- the building in Washington, D.C., used by the Congress of the U.S. for its sessions.
- (often lowercase) a building occupied by a state legislature.
- the ancient temple of Jupiter at Rome, on the Capitoline.
- the Capitoline.
Origin of Capitol
Examples from the Web for capitol
Excerpted from Capitol Men: The Epic Story of Reconstruction Through the Lives of the First Black Congressmen by Philip Dray.The Black Man Who Replaced Jefferson Davis in the Senate
January 7, 2015
So not only will the GOP have control in the Senate, it will move the center of gravity on Capitol Hill hard to starboard.The Democrats’ Black Hole—and What They Can Do About It
December 31, 2014
Tool around Capitol Hill, which brims gay bars, restaurants, and clubs.The Ultimate LGBT Travel Bucket List
December 12, 2014
In the meantime, just as the bill passed its first hurdle, snow flakes started to fall down on the Capitol.Quirky Reindeer Farmer Keeps Government Open for Christmas
December 11, 2014
Katniss Everdeen has broken the Hunger Games and entered open war against the Capitol.The Hunger Games Economy
November 29, 2014
The address to the crowd at the Capitol was broadcast on a loudspeaker.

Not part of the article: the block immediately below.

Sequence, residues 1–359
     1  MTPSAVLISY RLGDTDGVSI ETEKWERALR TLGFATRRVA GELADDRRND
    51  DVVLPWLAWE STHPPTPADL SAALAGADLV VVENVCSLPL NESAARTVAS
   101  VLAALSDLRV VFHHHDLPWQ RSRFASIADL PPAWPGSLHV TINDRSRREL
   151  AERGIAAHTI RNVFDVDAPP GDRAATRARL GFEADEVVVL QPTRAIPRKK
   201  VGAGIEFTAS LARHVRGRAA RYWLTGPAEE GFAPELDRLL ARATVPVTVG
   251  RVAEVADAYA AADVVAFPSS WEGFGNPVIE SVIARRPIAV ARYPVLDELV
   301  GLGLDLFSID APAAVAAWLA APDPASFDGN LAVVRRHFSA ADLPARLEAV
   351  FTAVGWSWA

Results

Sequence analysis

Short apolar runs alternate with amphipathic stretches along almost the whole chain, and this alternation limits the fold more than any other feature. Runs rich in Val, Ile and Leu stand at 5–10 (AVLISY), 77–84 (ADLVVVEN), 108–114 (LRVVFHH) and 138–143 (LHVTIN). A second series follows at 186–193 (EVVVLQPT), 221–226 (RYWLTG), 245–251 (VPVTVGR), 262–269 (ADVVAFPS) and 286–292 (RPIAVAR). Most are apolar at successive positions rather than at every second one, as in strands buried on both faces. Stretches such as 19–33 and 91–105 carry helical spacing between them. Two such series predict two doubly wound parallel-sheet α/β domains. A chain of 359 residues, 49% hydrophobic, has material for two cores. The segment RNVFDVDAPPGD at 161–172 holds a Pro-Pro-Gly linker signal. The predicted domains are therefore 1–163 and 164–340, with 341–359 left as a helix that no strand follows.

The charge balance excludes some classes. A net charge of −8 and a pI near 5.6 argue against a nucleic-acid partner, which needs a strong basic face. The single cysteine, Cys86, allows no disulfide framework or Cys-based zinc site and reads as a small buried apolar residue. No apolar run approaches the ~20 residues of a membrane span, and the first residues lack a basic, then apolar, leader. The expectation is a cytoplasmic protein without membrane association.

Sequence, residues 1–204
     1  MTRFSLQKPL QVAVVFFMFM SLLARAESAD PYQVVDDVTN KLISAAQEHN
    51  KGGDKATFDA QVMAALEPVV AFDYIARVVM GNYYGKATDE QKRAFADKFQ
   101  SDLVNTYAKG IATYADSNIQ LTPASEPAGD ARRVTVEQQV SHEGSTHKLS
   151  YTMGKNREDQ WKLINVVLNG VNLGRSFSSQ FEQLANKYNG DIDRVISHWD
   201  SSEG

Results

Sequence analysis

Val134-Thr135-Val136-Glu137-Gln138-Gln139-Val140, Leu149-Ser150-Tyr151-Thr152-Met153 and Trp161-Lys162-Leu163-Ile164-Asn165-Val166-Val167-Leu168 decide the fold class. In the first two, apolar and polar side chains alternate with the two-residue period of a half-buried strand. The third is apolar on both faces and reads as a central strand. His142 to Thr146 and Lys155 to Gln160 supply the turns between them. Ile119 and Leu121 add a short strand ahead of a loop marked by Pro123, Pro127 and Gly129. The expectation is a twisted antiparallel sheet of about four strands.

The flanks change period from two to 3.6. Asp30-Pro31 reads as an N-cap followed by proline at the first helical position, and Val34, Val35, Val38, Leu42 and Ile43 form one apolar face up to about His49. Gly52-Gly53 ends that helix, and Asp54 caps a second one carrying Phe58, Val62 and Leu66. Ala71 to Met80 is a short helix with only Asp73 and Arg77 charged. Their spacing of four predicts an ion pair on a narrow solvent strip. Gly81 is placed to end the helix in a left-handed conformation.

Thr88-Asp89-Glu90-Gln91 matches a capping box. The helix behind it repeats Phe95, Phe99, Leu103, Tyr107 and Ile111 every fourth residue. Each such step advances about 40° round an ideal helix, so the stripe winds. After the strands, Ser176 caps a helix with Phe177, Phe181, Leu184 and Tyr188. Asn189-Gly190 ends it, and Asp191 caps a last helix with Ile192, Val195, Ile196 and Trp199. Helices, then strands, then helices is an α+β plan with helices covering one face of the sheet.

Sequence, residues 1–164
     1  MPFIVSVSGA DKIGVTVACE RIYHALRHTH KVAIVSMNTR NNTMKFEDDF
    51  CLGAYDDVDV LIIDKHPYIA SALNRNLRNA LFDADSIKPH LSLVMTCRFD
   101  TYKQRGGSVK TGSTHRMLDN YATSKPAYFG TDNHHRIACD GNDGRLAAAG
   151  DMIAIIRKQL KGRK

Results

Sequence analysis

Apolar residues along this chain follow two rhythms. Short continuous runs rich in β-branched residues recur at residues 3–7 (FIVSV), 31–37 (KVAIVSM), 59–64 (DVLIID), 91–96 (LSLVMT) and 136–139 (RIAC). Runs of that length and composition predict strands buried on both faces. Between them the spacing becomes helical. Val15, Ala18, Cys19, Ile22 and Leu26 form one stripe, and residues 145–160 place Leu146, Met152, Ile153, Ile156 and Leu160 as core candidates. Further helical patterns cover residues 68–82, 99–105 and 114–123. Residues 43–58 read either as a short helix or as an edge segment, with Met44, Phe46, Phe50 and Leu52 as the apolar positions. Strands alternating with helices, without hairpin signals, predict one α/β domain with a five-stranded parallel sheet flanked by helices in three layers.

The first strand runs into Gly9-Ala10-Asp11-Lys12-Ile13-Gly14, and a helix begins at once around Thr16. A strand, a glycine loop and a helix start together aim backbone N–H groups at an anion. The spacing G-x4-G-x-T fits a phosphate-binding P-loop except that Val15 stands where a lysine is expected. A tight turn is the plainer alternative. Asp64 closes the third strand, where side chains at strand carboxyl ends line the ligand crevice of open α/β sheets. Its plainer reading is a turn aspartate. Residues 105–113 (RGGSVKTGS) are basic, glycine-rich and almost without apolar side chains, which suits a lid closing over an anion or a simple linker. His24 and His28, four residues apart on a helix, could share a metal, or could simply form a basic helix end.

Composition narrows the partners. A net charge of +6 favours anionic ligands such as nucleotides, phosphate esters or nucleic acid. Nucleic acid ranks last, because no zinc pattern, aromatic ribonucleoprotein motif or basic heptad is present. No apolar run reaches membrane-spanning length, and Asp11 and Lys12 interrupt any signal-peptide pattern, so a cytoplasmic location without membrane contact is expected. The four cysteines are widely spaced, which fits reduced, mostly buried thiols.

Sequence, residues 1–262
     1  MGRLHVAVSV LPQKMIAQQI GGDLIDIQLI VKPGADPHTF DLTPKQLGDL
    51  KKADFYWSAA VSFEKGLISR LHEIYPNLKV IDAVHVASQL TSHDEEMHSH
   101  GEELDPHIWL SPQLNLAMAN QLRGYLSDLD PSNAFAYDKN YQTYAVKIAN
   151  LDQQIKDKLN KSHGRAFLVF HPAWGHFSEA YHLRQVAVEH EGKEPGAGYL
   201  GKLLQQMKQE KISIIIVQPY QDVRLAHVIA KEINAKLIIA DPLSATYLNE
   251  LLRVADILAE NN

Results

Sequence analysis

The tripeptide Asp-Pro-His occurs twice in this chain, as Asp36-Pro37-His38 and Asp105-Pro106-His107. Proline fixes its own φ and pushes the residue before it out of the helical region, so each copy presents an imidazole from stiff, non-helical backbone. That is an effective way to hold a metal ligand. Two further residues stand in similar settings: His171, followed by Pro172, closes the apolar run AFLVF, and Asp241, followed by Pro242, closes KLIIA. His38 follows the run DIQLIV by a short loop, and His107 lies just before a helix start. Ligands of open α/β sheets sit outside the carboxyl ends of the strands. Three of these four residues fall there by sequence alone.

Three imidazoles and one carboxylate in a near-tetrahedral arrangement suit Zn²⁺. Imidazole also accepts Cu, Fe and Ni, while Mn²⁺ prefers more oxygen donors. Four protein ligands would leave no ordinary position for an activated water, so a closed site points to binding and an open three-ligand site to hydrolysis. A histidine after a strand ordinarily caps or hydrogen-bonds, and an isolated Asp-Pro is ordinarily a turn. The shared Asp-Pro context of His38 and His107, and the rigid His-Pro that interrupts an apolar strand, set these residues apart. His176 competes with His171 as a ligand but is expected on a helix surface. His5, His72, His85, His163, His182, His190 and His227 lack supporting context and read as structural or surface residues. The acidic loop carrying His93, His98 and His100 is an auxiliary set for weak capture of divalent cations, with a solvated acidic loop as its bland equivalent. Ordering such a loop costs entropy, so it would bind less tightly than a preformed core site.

Let us give this capitol back to the people to whom it belongs.
There's the Capitol ahead of us, and some of our troops are going into it.The Rock of Chickamauga
Joseph A. Altsheler
I could not camp in the Capitol Square, even if I had wished so to do.Southern Lights and Shadows
He had his own ship on a line with the Capitol in a matter of seconds.The Hammer of Thor
Charles Willard Diffin
- another name for the Capitoline
- the temple on the Capitoline
- the Capitol the main building of the US Congress
- Also called: statehouse (sometimes not capital) (in the US) the building housing any state legislature
Word Origin and History for capitol
"building where U.S. Congress meets," 1793 (in writings of Thomas Jefferson), from Latin Capitolium, temple of Jupiter Optimus Maximus on the Capitoline Hill in ancient Rome. Used earlier of Virginia state houses (1699). Its use in American public architecture deliberately evokes Roman republican imagery. With reference to the Roman citadel, it is recorded in English from late 14c., via Old North French capitolie. Relationship of Capitoline to capital is likely but not certain.